Dyson admitted to GQ that he took some photos and videos during the incident "but said he took them in order to be able to later show Andrew what had happened."
He later accidentally overdosed that night as well after, he says, he had some of Gillum's drink.
Dyson denies leaking the images and suspects it was the police, because the leaked images appear to be photos taken of photos on another phone.
He maintained to GQ he was trying to take care of Gillum before becoming incapacitated himself. He tells PEOPLE that for months he avoided the media and public attention at the request of Gillum's attorney; he also says he denied Gillum's offer to help pay the hospital and hotel bills but then accepted.
Dyson says he was unaware of the Gillums' TV interview with Tamron Hall before it aired in September and was caught off guard.
"I looked out for someone's best interest above mine and that is why I'm in this whole situation," he says. "If he would've been honest [about who he was] from the get go, this probably wouldn't have happened."
Had Dyson realized who Gillum was when they met, he insists, "I would've been like, 'Okay, I need to be extra careful and be extra prudent and not let anything happen and then nothing would've happened."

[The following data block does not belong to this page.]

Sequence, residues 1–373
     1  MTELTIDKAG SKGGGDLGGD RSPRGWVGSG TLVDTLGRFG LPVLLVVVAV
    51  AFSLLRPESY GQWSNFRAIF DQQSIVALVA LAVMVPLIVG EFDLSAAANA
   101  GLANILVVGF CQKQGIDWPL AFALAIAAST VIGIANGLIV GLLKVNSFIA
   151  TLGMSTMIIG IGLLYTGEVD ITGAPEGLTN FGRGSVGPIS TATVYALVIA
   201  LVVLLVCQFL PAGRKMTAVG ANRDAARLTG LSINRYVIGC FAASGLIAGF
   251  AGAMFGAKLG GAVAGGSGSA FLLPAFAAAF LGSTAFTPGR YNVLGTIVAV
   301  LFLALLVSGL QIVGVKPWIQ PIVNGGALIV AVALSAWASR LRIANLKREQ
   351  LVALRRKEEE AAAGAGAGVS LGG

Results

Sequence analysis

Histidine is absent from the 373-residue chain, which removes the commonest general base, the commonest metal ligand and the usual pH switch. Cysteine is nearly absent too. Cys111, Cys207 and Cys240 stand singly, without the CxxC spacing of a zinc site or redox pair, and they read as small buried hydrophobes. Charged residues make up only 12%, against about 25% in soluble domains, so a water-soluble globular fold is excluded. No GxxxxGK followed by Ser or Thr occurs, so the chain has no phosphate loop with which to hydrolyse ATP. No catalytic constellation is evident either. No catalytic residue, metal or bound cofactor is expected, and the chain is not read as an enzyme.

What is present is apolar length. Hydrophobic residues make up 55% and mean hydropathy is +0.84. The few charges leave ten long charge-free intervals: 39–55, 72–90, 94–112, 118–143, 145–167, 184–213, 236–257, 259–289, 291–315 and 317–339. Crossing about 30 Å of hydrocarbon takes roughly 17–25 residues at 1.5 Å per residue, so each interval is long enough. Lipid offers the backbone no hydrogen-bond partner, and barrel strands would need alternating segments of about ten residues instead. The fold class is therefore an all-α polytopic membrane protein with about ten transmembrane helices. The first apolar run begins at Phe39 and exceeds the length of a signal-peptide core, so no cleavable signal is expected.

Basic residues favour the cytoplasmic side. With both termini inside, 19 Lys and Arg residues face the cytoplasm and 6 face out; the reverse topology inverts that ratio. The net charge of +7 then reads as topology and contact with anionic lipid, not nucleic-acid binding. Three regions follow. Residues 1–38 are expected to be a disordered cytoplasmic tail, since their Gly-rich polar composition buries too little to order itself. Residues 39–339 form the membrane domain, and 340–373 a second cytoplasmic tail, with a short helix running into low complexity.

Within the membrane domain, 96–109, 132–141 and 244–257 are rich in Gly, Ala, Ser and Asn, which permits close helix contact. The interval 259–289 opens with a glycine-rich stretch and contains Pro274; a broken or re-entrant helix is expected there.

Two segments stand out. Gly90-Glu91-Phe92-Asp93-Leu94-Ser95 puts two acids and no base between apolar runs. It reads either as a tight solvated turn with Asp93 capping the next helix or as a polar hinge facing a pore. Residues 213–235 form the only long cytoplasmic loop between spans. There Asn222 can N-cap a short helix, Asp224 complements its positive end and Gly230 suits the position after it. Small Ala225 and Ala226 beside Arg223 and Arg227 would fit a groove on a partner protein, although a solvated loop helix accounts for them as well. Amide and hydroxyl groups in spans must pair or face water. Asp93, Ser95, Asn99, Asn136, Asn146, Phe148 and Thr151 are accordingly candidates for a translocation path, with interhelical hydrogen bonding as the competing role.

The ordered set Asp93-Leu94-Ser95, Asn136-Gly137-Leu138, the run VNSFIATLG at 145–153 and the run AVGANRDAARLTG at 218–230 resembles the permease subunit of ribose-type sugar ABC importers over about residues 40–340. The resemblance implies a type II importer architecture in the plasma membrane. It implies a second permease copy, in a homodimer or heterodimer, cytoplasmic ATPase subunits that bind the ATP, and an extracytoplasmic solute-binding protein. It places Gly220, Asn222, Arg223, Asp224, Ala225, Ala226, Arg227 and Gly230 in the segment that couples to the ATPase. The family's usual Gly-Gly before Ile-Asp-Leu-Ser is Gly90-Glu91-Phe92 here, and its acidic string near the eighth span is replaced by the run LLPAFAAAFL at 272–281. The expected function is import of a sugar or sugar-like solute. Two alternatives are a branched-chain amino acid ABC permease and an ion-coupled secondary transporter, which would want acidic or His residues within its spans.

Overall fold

Hall, who spoke with the Gillums in their first on-camera interview about the incident, told PEOPLE last year that she felt the need to do the interview on the politician's terms to ensure the couple felt comfortable going on the record.
Hall said then that it took "many weeks" to set up the emotional interview on The Tamron Hall Show, during which R. Jai said she and her husband "never planned to talk" about the incident.
Hall and a small team of producers flew to Florida "in the dark of night, at 4 in the morning" to do the interview, she said, because they didn't want to raise speculation with news outlets and shake the Gillums' confidence.
During the interview, Andrew revealed for the first time that he is bisexual. R. Jai — who Hall described as "tough as nails" after the interview — also said she didn't want that one fact to be defining.